NPA: Top Prosecutor Gerrie Nel Resigns


Top prosecutor Gerrie Nel has given an official letter of his resignation to the National Prosecution Authority (NPA).

The NPA confirmed this on Tuesday saying the top prosecutor who oversaw the convictions of Paralympian Oscar Pistorius and police chief Jackie Selebi, resigned citing “other interests” outside NPA as basis for his decision.

Nel’s sudden resignation came as a big shock to South Africans as questions about the motive behind his resignation mount rapidly across the nation.

While most South Africans who receive the news about his resignation believe there’s more to it than meets the eyes, others believe he resigned because the NPA “has become a mockery of our justice system”. More revelations to come soon.

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Commenting further on Nel’s reputation‚ Nicca said: “Gerrie Nel gave us hope that there is justice in Satafrika after all”, while Zulu Royal commented: “Prosecutor Gerrie Nel quits. What a loss. The NPA is going to the dogs”.

Gerrie Nel is one of the most high ranking and successful prosecutors in the country. Nicknamed “The Bulldog”, Nel has led Operation Bad Guys, the investigation and prosecution of Selebi and the murder of mining tycoon Brett Kebble.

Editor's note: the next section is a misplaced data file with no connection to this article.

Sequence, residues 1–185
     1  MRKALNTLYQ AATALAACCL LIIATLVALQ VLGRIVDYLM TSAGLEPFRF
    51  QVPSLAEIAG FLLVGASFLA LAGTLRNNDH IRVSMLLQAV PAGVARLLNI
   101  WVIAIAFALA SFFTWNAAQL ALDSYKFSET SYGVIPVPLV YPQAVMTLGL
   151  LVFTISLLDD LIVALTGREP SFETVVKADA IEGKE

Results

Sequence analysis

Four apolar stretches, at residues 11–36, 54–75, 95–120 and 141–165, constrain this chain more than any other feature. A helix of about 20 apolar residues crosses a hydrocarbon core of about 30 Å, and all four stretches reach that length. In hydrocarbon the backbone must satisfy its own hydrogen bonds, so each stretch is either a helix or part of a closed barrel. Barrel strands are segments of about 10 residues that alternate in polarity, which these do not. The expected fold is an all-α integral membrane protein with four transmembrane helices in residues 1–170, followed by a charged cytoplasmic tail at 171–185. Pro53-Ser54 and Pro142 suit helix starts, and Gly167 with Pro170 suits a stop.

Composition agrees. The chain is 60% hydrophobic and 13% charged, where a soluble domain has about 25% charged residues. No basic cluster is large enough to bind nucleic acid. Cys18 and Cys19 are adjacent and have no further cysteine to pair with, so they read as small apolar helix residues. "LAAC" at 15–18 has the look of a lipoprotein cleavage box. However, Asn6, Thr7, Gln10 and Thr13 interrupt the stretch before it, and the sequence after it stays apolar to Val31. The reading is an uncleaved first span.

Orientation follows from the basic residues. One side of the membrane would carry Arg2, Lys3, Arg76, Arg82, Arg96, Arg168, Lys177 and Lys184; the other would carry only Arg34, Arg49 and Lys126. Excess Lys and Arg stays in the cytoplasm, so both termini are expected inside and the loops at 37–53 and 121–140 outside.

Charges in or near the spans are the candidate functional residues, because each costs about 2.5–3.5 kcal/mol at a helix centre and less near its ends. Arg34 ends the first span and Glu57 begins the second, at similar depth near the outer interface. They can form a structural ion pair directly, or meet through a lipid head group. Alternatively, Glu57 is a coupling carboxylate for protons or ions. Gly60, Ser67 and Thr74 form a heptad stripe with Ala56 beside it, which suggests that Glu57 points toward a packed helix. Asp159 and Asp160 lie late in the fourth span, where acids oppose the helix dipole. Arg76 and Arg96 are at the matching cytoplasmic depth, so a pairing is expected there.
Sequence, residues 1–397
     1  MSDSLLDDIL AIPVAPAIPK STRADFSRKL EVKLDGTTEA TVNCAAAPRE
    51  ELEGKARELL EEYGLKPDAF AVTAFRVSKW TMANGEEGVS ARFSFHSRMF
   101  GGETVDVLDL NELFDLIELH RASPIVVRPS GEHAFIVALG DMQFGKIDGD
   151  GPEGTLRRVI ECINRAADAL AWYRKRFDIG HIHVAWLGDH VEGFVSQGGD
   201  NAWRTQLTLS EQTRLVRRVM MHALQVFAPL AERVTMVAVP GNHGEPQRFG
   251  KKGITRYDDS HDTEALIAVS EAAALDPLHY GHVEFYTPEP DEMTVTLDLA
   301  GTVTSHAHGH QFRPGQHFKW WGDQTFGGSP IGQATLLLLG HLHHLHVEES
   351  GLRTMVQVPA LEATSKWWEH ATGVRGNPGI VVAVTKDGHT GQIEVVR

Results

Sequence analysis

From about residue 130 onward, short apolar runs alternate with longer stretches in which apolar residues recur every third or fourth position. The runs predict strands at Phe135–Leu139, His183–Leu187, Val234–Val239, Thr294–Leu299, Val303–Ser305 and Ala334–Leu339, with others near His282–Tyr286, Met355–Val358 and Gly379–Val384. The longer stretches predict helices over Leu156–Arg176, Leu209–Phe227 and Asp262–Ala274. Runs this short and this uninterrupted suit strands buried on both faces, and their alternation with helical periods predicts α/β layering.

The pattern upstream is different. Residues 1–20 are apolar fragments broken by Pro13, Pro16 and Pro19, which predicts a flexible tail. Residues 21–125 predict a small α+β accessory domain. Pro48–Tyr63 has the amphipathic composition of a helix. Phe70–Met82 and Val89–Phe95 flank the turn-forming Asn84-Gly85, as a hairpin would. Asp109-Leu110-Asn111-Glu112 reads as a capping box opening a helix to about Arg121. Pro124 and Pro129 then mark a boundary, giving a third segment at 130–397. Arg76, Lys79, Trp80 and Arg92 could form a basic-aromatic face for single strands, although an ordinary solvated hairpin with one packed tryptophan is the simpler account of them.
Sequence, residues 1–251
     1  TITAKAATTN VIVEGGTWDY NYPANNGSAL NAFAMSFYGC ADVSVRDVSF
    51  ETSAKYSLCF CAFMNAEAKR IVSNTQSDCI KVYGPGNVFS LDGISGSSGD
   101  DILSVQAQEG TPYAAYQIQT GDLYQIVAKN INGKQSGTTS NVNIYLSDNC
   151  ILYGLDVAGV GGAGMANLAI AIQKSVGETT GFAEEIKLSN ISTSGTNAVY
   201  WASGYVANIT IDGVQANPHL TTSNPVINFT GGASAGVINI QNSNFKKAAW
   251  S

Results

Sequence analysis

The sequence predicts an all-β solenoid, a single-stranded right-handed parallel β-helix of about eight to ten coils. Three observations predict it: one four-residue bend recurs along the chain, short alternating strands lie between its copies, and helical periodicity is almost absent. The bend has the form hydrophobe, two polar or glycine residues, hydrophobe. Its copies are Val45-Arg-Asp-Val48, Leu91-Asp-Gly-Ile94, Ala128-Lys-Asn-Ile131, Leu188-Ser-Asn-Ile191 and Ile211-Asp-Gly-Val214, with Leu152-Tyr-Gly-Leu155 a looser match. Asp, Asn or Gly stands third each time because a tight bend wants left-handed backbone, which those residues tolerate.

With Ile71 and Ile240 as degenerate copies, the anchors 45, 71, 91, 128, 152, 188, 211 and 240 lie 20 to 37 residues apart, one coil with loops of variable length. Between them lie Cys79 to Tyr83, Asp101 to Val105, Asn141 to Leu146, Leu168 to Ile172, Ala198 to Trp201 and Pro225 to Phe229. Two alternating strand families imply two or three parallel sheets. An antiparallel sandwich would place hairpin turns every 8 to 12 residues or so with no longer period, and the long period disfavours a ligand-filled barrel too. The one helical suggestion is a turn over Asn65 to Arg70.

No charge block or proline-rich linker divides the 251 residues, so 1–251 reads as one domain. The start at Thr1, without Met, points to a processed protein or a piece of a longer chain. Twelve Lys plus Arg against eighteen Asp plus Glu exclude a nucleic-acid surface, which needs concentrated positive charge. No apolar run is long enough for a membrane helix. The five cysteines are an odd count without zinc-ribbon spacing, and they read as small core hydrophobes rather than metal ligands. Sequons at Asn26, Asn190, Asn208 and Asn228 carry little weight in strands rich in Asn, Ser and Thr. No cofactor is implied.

He has also achieved international status when he successfully prosecuted Pistorius. But, despite his high-profile successes as a prosecutor, Nel has long been sidelined at the NPA.

“The NPA wishes Nel well in his future endeavours. We have other highly capable prosecutors who will take over his current cases.

“In the cases that Nel is working on‚ he has a team of prosecutors who will help to carry on with these cases as they have intrinsic knowledge of these cases,” says the NPA spokesperson Luvuyo Mfaku who confirmed that Nel had handed his resignation to his boss‚ advocate Sibongile Mzinyathi‚ the director of public prosecutions in Pretoria.

While South Africans try to absorb the shock created by Nel’s sudden resignation, NPA’s deputy national director of public prosecutions, Nomgcobo Jiba, and special director of public prosecutions Lawrence Mrwebi’s have been granted leave to appeal a court decision which saw them struck off the roll of advocates last year and subsequently placed on special leave.

In September, last year,  Judge Francis Legodi ruled in favour of the General Council of the Bar of South Africa, saying Jiba and Mrwebi were “not fit and proper” to be advocates.

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But, on Monday, the high court in Pretoria granted them leave to appeal the matter. In her judgment, Judge Wendy Hughes said the two had provided compelling reasons for their appeal to be heard but warned that they may fail.

“If it is established that there are compelling reasons to do so [grant leave of appeal], this court has discretion to grant leave to appeal on the merits, even if this court is of the view that there are no prospects of success,” said Judge Hughes who pointed out that it was the interest of the public and the Constitution for the leave to appeal to be granted, because Jiba and Mwrebi occupy positions that are in public service and that are regulated, in part, by the Constitution.